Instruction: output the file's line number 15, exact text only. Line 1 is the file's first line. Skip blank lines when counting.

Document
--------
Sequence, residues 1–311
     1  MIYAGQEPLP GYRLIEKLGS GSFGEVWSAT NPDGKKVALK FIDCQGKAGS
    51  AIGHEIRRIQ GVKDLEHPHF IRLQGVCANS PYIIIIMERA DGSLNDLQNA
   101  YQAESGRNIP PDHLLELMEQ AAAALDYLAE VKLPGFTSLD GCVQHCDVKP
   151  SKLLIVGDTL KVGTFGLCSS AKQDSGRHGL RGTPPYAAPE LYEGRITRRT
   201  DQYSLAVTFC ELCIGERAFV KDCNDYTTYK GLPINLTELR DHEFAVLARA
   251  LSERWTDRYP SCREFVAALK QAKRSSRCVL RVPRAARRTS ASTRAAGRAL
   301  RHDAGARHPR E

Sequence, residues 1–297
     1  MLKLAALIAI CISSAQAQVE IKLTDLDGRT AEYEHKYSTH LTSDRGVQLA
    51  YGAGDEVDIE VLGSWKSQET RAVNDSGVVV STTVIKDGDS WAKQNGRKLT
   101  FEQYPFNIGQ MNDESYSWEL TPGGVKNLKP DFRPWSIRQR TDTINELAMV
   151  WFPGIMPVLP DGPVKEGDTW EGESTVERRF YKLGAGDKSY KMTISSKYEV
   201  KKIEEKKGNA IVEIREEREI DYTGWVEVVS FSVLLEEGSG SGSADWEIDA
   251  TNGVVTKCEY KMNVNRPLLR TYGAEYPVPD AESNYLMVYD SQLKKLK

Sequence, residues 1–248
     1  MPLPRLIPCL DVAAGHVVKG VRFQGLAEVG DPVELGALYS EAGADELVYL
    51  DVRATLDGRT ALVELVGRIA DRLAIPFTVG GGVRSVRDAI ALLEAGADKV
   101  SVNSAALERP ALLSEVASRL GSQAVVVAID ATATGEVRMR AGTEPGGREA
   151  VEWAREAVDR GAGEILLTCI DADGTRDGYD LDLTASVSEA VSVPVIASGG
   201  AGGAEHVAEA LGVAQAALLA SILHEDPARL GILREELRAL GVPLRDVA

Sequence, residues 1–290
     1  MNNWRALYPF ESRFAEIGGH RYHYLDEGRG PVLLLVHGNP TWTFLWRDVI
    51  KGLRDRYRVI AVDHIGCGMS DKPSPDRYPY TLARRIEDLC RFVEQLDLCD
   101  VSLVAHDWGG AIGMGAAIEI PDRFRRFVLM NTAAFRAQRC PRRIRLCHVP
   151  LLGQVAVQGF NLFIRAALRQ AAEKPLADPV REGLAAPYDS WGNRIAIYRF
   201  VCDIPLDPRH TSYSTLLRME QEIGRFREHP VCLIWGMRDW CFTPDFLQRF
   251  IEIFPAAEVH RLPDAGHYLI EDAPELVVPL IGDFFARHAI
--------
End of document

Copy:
   251  TNGVVTKCEY KMNVNRPLLR TYGAEYPVPD AESNYLMVYD SQLKKLK